Opponents have also sought to rally religious institutions to their side, hosting forums at churches around the state.
Religious turnout could help offset the financial advantage held by gay marriage supporters. In Washington, the main foes of Democratic Governor Christine Gregoire’s law have raised $2.1 million, $250,000 of it from the Knights of Columbus, the Catholic fraternal organization, according to state filings.
That’s about one-fifth of the $10.9 million raised by the main group supporting it, which drew upon wealthy backers including Amazon.com Inc. (AMZN) Chief Executive Officer Jeff Bezos and Microsoft Corp. (MSFT) founder Bill Gates.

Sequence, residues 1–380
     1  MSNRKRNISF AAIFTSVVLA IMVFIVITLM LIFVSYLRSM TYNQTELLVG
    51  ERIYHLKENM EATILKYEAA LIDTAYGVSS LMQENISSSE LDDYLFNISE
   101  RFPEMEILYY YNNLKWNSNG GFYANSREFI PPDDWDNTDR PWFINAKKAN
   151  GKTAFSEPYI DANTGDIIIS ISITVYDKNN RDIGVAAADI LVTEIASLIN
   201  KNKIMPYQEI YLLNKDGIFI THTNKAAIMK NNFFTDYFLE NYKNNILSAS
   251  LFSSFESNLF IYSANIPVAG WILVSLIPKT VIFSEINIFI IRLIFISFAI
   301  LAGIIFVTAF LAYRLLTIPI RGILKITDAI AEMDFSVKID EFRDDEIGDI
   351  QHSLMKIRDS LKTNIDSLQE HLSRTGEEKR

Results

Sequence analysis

Marylanders for Marriage Equality raised $3.3 million through early October, compared with $839,000 raised by the Maryland Marriage Alliance, the principal opponents.
New York City Mayor Michael Bloomberg, founder and majority owner of Bloomberg News parent Bloomberg LP, pledged $750,000 to support gay-marriage initiatives in the four states.
Support among churchgoers has also been growing, mirroring the changing mores in the broader society, particularly among the young. Most Americans unaffiliated with any religion have long favored same-sex marriage, according to the Pew Research Center’s polling.
In 2011, a majority of Catholics and white mainline Protestants did so for the first time, a shift confirmed in subsequent polling. Opponents still predominate among black Protestants and white evangelicals, according to Pew.